Florida Atlantic University professors, and developers. The committee promotes and
monitors all the programs involving the Greenway (Maietta 2004).
The ADC also sought to mobilize public support and community resources for
the greenway by establishing a non-profit, greenway and community advocacy group: the
Abacoa Partnership for Community. The Abacoa Partnership for Community
collaborates with Florida Atlantic University students, and faculty, Northern Palm Beach
County Improvement District Staff, and local business sponsors to organize bi-monthly
greenway cleanup projects involving hundreds of residents who collect trash as they learn
about the Greenway from an expert guide. The “Greenwalks,” as they are called, expose
residents to the ecology and the importance of the natural area and help to foster a sense
of community pride, accomplishment and, volunteerism.
Ecological Composition
The vegetative composition of the Abacoa Greenway has been classified as a
scrubby pine flatwood ecosystem (Wetterer and Moore 2005). Several ranges of the
Greenway contain wetland basins, intended to provide natural surface water management,
Figure 3: This map of Abacoa shows each of the eleven ranges of the Greenway, designating those
tracts which contain wetland areas. (Painter 1996)
and contain their own wetland ecology (Figure 3). Scrubby pine flatwoods occur in
upland areas with sandy, acidic, poorly drained soil. Pine flatwood associations are the
most extensive habitat assemblages in Florida, covering half its total area (Alden, Cech,
and Nelson1998). They are characterized by frequent fires during dry seasons, occurring
every five to eight years (Myers and Ewel 1990).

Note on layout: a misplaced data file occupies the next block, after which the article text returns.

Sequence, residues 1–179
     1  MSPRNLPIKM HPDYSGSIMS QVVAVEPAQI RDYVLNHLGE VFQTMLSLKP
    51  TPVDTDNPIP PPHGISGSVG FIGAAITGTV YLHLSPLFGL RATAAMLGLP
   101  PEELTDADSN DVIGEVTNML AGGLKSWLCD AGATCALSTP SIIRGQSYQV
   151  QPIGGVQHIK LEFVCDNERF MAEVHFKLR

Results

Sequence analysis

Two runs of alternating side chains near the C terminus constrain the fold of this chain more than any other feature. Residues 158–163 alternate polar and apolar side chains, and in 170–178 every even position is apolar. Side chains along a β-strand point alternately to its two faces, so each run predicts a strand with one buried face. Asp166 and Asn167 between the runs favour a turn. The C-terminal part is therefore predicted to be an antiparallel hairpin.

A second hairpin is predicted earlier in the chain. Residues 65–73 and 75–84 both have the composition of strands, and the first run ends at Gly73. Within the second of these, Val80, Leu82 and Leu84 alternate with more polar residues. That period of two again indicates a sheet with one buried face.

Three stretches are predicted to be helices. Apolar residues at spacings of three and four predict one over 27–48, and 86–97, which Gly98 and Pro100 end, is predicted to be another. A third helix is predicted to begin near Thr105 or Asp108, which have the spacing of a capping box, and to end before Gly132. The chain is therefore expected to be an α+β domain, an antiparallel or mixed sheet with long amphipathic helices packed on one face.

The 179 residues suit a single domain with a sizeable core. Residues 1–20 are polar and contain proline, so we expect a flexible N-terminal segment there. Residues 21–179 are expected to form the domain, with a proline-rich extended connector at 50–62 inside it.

The vegetative constituents of scrubby flatwood ecosystems include a sparse
canopy of slash pine (Pinus elliottii), an understory shrub layer containing saw palmetto
(Serenoa repens), fetterbush (Lyonia lucida), gallberry (Ilex glabra), wax myrtle (Myrica
cerifera), scrubby and live oaks (Quercus inopina and virginiana), and herbaceous
ground cover including wiregrass (Aristidia beyrichiana),chalky bluestem grass
(Andropogon virginicus), runner oak (Quercus minima) and deer moss (Cladina spp.)
(Myers and Ewel 1990).
Other plant species occurring within the Greenway include beautyberry
(Callicarpa americana), spanish needles (Bidens alba), blackroot (Pterocaulon
pychnostachyum), love vine (Cassytha filiformis), St. John’s-wort (Hypericum
fasciulatum), muscadine grape (Vitis rotundafolia), thistle (Circium horridulum),
pennyroyal (Piloblephis rigida), Cardinal air plant (Tillandsia fasciculata), tasselflower
(Emilia fosbergii), painted leaf (Poinsettia cyathophora), lantana (Lantana camara), coco
plum (Chrysobalanus icaco), swamp fern (Blechnum serrulatum), beach sunflower
(Heliantus debilis), blanket flower (Gaillardia pulchella) cabbage palm (Sabal palmetto),
gopher apple (Licania michauxii), bachelor buttons (Centaurea cyanus), sand spurs
(Cenchrus incertus), muhly grass (Muhlenbergia capillaries), pine hyacinth (Clematis
baldwinii), catbriar (Smilax bona-nox), poor man’s pepper (Lepidium virginicum),
common spiderwort (Tradescantia ohiensis), sand pine (Pinus clausa), rusty lyonia
(Lyonia ferruginea), pawpaws (Asimina spp), tar flower (Befaria racemosa), shiny
blueberry (Vaccinium myrsinites), yaupon holly (Ilex vomitoria), ball Tillandsia
(Tillandsia recurvata), locust berry (Byrsonima lucida), dog fennel (Eupatorium
capillifolium), common ragweed (Ambrosia artemisiifolia), and bracken fern (Pteridium
Wetland areas contain bald cypress trees (Taxodium distichum), alligator flag
(Thalia geniculata), white topped sedge (Dichromena colorata), star sedge (Carex